The Ministry of Economy, led by Paulo Guedes, suffered a stampede last Thursday night (21). Four members of the second echelon resigned: Bruno Funchal, special secretary of the Treasury and Budget; Jeferson Bittencourt, secretary of the National Treasury; Gildenora Dantas, Deputy Special Secretary for the Treasury and Budget; Rafael Araújo, deputy secretary of the National Treasury.
The resignations came hours after a statement by Guedes, signaling the Jair Bolsonaro government’s (non-party) intention to “be reformist and popular” and the need for a “license” to break the so-called “Spendant Ceiling”.
:: Disband: four secretaries ask for the Ministry of Economy’s resignation on Thursday (21) ::
Approved by Congress and enacted in December 2016, the Spending Ceiling froze investments in social areas for 20 years, through the Constitutional Amendment (EC) 95. Since then, the increase in public spending has been limited to the variation in inflation.
Respecting the ceiling was, until last week, one of the promises made by Bolsonaro and Guedes to the financial sector. One year after the election, in a context of rising prices and decreasing average income for Brazilians, the government changed its stance.
“The government is proposing the so-called Auxílio Brasil, a proposal to replace the Bolsa Família, in the amount of R$ 400. As the government does not propose a source of financing, this pierces the so-called Spending Ceiling”, explains Leonardo Leite, professor at Faculty of Economics of the Fluminense Federal University (UFF) and of the Political Economy Nucleus of the UFF (NEP-UFF).
:: Will Auxílio Brasil be able to solve the country’s current challenges? Understand the Bem Viver Program ::
The article spoke with the economist about the context that resulted in the disbanding of the secretaries. In his interpretation, EC 95 was enacted to pave the way for a series of liberal reforms. The signal from Bolsonaro and Guedes is that reforms are no longer a priority, less than a year before the election.
“The Cost Ceiling entered the economic discussion in the Temer government [MDB]. He was basically a Trojan Horse to install liberal reforms. In other words, with the Spending Ceiling, running the economy would require reforms to reduce expenses of all kinds: social spending, social security rights, labor, administrative reform, to ‘adjust’ the public machine”, he says.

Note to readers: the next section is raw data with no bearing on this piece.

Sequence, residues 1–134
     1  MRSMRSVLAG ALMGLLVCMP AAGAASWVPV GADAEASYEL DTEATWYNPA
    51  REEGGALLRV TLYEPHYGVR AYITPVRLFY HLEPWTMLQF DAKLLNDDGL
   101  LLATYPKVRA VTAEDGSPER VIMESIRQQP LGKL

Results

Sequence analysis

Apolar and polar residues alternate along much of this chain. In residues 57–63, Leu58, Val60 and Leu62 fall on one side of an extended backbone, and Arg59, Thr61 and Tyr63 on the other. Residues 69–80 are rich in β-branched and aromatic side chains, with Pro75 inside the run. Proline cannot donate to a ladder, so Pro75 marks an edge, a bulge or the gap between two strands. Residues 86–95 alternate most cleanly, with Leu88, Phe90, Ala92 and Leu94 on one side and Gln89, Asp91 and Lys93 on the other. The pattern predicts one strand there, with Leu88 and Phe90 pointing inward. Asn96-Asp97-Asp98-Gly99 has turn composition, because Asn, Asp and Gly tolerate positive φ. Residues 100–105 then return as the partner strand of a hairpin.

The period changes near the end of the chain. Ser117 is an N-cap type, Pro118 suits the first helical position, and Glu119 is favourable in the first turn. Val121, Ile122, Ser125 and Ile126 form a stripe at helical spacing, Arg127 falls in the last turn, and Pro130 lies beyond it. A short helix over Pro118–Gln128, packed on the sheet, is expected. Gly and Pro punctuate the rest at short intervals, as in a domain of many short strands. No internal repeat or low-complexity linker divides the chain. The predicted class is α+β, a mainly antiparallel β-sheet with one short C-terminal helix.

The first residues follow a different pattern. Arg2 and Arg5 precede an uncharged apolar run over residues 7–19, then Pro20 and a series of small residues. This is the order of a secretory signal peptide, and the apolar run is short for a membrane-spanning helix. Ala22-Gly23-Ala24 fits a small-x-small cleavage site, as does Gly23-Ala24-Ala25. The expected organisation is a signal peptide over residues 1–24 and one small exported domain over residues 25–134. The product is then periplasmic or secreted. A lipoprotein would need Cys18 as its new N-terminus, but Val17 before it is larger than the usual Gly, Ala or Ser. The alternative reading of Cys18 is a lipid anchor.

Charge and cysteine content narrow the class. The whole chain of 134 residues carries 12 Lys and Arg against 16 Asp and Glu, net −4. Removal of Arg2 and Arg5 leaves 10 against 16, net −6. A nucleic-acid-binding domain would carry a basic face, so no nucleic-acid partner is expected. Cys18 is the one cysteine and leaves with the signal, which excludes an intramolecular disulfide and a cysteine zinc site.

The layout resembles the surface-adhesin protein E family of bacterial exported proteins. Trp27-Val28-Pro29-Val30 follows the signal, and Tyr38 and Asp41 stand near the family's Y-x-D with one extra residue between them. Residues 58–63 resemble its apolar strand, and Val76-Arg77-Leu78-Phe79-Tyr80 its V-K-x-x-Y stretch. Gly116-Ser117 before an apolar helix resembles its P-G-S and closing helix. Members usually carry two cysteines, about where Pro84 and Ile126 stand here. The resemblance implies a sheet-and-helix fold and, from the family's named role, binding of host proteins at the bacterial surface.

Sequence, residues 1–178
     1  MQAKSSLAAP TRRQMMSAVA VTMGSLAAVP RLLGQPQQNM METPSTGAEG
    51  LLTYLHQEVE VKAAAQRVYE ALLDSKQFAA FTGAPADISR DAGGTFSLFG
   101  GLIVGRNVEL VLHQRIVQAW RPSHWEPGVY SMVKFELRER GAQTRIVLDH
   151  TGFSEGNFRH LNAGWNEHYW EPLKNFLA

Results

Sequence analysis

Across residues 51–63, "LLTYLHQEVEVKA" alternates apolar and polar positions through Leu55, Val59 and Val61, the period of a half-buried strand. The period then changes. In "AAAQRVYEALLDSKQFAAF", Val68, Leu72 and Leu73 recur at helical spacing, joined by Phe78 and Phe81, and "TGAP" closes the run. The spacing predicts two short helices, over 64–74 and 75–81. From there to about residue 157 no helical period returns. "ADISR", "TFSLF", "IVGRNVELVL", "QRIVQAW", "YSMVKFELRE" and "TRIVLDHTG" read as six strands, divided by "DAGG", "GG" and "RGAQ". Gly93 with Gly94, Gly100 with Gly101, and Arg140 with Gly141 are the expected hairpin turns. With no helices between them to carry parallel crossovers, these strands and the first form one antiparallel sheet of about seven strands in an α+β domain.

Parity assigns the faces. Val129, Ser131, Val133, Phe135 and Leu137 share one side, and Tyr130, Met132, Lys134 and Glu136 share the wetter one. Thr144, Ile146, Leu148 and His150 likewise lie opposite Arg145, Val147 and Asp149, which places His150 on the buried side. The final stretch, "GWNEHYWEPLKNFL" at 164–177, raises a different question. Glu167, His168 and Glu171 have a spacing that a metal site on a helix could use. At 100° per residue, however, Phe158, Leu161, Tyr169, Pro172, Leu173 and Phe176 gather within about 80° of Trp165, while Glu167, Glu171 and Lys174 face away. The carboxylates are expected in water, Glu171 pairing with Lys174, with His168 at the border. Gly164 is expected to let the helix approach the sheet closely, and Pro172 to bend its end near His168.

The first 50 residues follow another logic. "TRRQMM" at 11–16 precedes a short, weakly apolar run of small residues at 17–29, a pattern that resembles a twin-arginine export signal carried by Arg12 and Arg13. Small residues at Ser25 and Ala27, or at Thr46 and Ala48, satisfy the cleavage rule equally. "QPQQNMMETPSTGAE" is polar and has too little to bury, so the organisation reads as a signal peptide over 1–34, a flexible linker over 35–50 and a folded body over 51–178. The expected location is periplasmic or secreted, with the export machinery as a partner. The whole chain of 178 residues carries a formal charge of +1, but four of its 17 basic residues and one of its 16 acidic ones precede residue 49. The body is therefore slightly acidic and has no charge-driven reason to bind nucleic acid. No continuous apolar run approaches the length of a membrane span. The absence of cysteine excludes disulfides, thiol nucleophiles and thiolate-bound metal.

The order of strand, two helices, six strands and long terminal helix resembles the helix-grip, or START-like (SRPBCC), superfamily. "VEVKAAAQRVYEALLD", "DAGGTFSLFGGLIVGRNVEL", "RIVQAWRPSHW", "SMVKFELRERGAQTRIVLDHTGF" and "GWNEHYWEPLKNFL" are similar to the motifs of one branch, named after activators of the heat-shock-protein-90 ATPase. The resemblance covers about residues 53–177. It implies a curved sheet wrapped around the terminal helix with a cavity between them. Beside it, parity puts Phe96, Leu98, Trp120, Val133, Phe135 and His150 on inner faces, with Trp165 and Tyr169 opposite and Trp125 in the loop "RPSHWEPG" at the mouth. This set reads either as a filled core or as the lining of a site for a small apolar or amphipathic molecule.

“The second echelon of the Ministry of Economy is abandoning the boat because the possibility of these reforms has diminished, with the signaling of the end of the Spending Ceiling.”
::From super-minister to badly regarded bureaucrat: why Guedes arrives weakened to testify at the Chamber::
The alternative proposed by the former secretaries was to fund Brazil Aid by taking money from workers who are also affected by the economic crisis and by the increase in the cost of living.
“What these economists [do segundo escalão] were proposing to replace this increase in spending was to cut the salary bonus for those earning up to two minimum wages. Another suggestion was to freeze pensions linked to the minimum wage for two years. In other words, cut out those who also need it”, adds Leite, citing backstage information collected by the newspaper Economic value.
“Seeing that it won’t happen, they jumped off the boat.”
The economist and professor at UFF concludes by recalling that, although late, the change in stance taken by Guedes and Bolsonaro on the Cost Ceiling is positive for workers.
“Clearly, Bolsonaro is thinking about elections. But this is a measure that really has to be taken, because we are going through a humanitarian crisis”, he emphasizes.
Bolsonaro appears in second place in voting intention polls for 2022, behind former president Lula (PT).
For Leonardo Leite, the profile of the secretaries who will assume the positions in the Ministry will be an important sign of the policy that the current government intends to adopt until the elections.
Brazil has more than 14 million unemployed, according to the Brazilian Institute of Geography and Statistics (IBGE). According to data from the research group Food for Justice: Power, Policy and Food Inequalities in Bioeconomy, headquartered at Universität Berlin, in Germany, 125.6 million Brazilians suffered from food insecurity during the pandemic. The number is equivalent to 59.3% of the country’s population.
Edition: Vivian Virissimo